By |May 17th, 2011|

I love rice and beans.  In the early days of T’s Tasty Bits, I posted a rice and beans recipe accompanied by a dark picture which I tried to make pretty using computer software, which is clearly NOT Photoshop.  In that version, I used chicken sausage and also corn.  Pretty simple.  It fills your stomach.  And you can go about your day.  This time, I wanted to step up my rice and beans game.

First, I wanted to add a bit more of a complex taste to my rice.  I have to admit that lately, I’ve been cheating when cooking rice.  I have been using a rice cooker.  It is so much easier, and it is one less thing to monitor.  So back to the rice.  In order to add a layer of flavor, I added star anise, a few cloves and a couple of bay leaves to the water.  The result is an aromatic rice with a hint of spice.  Pure awesomeness.

In order to keep the spice theme but give it a kick, I used andouille sausage.  You can use kielbasa or other type of sausage, but I love the hint of heat andouille sausage has.  I sautéed the sausage with some onions, garlic and green peppers for extra flavor.  For the beans, I used good ol’ canned beans.  I went with two kinds: red kidney beans and pinto beans.  I also sautéed these along with the sausage and the onions and peppers, to ensure a uniform taste.  Finally, I served it with avocado slices drizzled with olive oil and sea salt.  The outcome was a smokey, spice-infused rice with sausage and beans that will result in a party in your mouth.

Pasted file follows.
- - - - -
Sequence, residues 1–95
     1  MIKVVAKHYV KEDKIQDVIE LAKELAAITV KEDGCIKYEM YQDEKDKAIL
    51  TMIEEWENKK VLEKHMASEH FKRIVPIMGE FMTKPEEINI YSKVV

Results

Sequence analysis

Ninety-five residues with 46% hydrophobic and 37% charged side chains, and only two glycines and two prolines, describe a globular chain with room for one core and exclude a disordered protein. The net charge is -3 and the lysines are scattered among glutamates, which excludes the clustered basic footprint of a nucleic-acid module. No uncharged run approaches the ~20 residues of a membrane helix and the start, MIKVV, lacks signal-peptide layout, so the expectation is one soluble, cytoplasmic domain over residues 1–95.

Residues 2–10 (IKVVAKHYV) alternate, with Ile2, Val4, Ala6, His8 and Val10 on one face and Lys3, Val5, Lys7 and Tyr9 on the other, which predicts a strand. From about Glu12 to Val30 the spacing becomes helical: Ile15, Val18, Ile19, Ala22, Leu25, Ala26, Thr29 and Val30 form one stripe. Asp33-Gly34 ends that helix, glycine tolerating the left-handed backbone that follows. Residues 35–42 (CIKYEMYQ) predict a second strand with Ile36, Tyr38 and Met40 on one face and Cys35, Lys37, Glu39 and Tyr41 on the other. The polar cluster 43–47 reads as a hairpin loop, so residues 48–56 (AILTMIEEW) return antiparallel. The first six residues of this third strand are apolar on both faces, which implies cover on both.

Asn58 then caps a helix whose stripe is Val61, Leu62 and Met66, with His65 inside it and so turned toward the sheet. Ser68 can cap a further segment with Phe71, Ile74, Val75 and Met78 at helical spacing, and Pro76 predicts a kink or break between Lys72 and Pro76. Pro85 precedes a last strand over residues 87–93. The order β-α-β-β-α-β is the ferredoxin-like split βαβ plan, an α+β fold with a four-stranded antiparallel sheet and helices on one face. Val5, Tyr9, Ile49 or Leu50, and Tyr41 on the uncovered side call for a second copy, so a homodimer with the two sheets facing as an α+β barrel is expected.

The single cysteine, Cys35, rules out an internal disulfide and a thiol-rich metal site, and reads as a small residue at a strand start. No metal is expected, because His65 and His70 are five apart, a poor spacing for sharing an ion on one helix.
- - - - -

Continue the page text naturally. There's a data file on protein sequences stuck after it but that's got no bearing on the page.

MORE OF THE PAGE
Comments Off on Brown Rice with Andouille Sausage and Beans

Pan de Yuca – Ecuadorian Yuca Bites

By |May 11th, 2011|

One of my favorite treats when I was a little girl was pan de yuca.  And the reason it was one of my favorites was because every time my Abuelita came to visit (bonus #1), she would bring me a baggie with 5-6 pancitos and a frozen yogurt from this local snack place in Guayaquil called Yogurt Persa (bonus #2).  Ay Dios Mio!  It was the most delicious treat EVER!